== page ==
Brussels (Associated Press)-On Friday, the European Medicines Agency approved doctors to take one more dose from each vial of coronavirus vaccine produced by Pfizer-BioNTech. This was combined with the purchase of 300 million additional serum injections. Can speed up the vaccination rate of the 27-nation alliance.
The European Medicines Agency said that its Human Medicines Board recommends updating the product information of the vaccine to clarify that each vial contains six doses instead of the five doses originally recommended when the Pfizer-BioNTech vaccine was approved on December 21
Hanno Kautz, spokesperson for the German Ministry of Health, told reporters in Berlin that this change will take effect immediately, increasing the available vaccine dose by 20%.
Many doctors across the European Union have drawn six doses of vaccine from each vial, and this practice has been allowed in the United States, the United Kingdom and elsewhere.
Pharmaceutical companies regularly put unnecessary vaccines into vials to ensure the minimum dose even if there is spillage.
The news was released shortly after EU executive authorities stated that they had received 300 million additional doses of Pfizer-BioNTech vaccine. European Commission President Ursula von der Lehn said that the new agreement to buy more doses will double the doses ordered by the Group of 27 nations.
The European Commission later elaborated in a statement that it proposed to the member states to purchase another 200 million doses of vaccine, with the option to purchase another 100 million doses.
“This will enable the EU to purchase up to 600 million doses of this vaccine, which is already in use throughout the EU. Additional doses will be available from the second quarter of 2021,” the EU said. Von der Leyen said that 75 million additional doses will be provided in the second quarter, and the remaining doses will be delivered throughout 2021.
Von Delane said that the European Union, combined with the vaccine contract with Moderna, now has the capacity to vaccinate 380 million people, more than 80% of its population.
The EU has signed six vaccine contracts with Moderna, AstraZeneca-Oxford, Sanofi-GSK, Janssen Pharmaceutica NV, Pfizer-BioNTech and CureVac, with a contract dose of up to 2 billion doses. But so far, only Pfizer-BioNTech and Moderna vaccines have been approved for use in the group.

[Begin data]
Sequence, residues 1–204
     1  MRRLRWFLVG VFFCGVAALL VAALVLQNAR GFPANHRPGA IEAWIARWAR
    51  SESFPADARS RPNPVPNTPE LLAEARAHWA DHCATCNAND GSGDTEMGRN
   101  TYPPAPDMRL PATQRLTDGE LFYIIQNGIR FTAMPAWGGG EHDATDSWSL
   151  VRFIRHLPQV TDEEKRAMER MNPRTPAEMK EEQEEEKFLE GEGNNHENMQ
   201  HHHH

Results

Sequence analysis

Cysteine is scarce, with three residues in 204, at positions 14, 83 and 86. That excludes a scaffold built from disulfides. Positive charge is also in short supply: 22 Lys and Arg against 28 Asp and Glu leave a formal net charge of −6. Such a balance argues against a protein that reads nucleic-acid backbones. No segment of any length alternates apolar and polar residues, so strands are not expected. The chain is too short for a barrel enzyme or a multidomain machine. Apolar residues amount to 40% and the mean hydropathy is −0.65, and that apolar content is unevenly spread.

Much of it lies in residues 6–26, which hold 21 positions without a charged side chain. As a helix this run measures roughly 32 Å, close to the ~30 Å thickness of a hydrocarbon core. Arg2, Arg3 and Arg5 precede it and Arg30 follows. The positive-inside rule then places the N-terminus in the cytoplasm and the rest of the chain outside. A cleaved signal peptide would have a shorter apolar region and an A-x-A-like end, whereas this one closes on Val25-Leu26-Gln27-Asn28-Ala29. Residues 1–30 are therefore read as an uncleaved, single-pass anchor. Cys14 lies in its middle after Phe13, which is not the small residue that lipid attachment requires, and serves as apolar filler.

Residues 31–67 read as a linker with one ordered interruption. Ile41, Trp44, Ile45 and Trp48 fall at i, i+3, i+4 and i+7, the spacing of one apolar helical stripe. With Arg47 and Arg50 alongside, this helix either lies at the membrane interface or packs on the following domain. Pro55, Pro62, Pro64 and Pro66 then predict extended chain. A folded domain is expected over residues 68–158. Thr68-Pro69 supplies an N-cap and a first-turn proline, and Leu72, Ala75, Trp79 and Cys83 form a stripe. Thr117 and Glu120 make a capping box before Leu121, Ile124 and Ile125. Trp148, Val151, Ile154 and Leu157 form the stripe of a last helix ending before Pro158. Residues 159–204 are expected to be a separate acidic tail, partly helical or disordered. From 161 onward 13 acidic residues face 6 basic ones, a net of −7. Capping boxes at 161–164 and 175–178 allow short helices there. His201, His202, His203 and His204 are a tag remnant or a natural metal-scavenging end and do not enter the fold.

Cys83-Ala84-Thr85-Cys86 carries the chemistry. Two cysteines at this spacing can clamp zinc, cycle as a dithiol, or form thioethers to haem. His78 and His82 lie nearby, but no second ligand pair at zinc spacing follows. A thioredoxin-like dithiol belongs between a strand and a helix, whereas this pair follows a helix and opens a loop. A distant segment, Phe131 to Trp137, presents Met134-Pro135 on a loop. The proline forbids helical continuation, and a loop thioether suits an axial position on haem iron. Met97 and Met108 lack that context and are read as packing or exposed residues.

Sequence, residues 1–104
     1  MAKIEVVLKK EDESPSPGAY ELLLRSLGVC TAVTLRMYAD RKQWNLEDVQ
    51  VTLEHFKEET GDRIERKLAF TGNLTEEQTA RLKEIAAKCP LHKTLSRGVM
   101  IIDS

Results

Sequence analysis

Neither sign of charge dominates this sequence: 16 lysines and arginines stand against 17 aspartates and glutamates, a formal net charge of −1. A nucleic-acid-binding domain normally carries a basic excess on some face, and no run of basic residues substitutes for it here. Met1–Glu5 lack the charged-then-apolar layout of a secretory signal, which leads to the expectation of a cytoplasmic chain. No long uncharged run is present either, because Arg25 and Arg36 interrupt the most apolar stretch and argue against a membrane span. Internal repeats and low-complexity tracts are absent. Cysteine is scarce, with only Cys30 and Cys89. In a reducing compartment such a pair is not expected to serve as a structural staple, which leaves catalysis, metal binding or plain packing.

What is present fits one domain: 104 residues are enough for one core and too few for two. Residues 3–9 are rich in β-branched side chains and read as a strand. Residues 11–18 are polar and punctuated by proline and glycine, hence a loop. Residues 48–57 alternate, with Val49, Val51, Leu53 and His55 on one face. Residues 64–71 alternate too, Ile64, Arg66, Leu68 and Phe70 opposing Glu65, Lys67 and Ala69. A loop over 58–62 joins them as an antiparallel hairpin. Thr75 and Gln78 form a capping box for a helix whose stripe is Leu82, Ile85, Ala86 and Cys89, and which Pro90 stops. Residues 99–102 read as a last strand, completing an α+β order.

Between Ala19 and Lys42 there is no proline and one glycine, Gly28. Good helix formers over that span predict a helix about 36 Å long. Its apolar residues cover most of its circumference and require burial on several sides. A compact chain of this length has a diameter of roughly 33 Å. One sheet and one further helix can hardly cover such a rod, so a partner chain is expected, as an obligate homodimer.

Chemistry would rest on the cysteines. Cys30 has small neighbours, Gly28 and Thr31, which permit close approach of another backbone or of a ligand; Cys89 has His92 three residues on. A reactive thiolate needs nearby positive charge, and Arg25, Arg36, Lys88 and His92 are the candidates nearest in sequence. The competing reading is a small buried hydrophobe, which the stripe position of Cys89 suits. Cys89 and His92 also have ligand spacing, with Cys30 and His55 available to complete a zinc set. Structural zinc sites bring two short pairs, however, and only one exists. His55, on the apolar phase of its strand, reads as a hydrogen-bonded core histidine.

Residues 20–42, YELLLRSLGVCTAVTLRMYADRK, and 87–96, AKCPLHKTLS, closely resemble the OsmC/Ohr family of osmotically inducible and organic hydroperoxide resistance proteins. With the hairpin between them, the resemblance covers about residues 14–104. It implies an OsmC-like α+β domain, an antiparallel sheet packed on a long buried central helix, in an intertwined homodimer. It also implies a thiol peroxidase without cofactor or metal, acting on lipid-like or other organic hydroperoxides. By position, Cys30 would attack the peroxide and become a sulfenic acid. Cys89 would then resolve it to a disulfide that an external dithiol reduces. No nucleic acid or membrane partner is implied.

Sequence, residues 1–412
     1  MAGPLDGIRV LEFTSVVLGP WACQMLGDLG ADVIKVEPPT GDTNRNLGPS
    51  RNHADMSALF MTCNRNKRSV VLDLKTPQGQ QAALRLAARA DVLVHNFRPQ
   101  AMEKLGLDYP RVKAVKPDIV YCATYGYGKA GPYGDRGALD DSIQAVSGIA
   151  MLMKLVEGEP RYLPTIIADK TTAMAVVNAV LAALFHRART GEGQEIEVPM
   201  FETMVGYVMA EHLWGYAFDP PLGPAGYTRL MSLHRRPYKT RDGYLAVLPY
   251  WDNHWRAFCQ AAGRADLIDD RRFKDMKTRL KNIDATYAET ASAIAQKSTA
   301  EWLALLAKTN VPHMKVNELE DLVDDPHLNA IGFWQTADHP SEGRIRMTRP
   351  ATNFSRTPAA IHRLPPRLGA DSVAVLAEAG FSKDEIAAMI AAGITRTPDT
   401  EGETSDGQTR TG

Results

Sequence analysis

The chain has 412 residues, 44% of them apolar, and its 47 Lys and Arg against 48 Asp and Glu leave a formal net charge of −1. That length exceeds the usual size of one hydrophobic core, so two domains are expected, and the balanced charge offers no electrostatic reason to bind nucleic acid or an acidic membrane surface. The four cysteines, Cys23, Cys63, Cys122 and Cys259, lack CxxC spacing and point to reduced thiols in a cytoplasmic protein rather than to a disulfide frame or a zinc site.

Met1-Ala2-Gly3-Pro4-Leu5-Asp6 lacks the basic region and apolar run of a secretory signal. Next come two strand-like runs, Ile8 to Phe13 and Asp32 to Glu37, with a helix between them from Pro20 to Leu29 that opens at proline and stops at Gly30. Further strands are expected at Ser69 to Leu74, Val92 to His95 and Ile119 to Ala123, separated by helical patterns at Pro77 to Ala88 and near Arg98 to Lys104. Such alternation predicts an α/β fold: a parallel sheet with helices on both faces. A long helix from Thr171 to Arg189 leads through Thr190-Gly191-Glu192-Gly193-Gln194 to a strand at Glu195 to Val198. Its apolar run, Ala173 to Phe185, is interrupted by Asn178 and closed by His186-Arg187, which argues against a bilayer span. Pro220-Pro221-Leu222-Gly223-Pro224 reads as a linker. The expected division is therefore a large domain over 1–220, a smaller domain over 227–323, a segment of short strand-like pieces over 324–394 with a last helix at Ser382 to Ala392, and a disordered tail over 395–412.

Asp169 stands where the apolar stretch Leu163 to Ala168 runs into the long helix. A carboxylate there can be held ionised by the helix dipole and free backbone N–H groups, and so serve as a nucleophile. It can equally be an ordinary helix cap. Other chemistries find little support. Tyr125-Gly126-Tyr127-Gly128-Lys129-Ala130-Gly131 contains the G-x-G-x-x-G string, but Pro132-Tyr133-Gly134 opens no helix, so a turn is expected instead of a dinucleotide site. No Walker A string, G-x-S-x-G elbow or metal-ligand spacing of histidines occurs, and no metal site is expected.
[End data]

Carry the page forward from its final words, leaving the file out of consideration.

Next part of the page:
Emer Cooke, Executive Director of EMA, discussed the drug administration’s review of vaccines in an online public meeting. He said that the evaluation process for the third vaccine produced by AstraZeneca will be Completed at the end of January.
She said: “Of course, it depends on the data we receive and the progress of the evaluation.” “Once the application is actually received, we will make an announcement on it.”
Also on Friday, the UK approved a vaccine developed by Moderna, which is the third licensed vaccine in the country.
The British Ministry of Health stated that the vaccine meets the “strict safety, efficacy and quality standards” of the UK regulatory agency.
The UK has ordered 10 million doses of the vaccine, but it is not expected to be delivered before spring. So far, the UK has vaccinated 1.5 million people with Pfizer BioNTech and AstraZeneca Oxford vaccines.
More and more criticisms, especially in Germany, caused the European Commission’s announcement to the European Commission’s decision to let the European Commission handle all EU member states to purchase vaccines. The European Union’s vaccination program started slowly, and some EU member states have quickly blamed the European Commission for not providing the correct dose of vaccine.
The European Union defended its strategy, insisting that the vaccination program has just begun, and expects a large number of deliveries around April.
“We are facing a situation of strong demand, but production capacity has not kept up. Now, we have taken a positive step forward.” Von Delane said.
After Germany received an additional dose from BioNTech, a German company outside of the EU, von der Leyen made it clear that individual negotiations would violate the agreement accepted by all EU member states.
She said: “We all agree that it is legally binding, there will be no parallel negotiations, no parallel contracts.” “So, the framework that all of us are using is the 27 framework. We negotiate together, and we will conduct negotiations together. Purchase and jointly promote this vaccination process.”
But Kautz said that the deal with BioNTech “is in line with the EU agreement. The additional funding we receive will not break other contracts.”
“This is the prerequisite for us to conclude a memorandum of understanding,” Kautz told reporters in Berlin. “Delivery will not be affected. For example, just because Germany has received additional doses of vaccines or promised increased doses of vaccines, other EU member states will no longer obtain vaccines from BioNTech.”
Kautz made it clear that the 30 million doses of bilateral guarantees will be delivered after ordering through the EU, although they are still expected to be available this year.
Corder reports from The Hague, Netherlands. Geir Moulson and Frank Jordans are from Berlin.
Follow AP reports on https://apnews.com/hub/coronavirus-pandemic, Https://apnews.com/hub/coronavirus-vaccine And https://apnews.com/UnderstandingtheOutbreak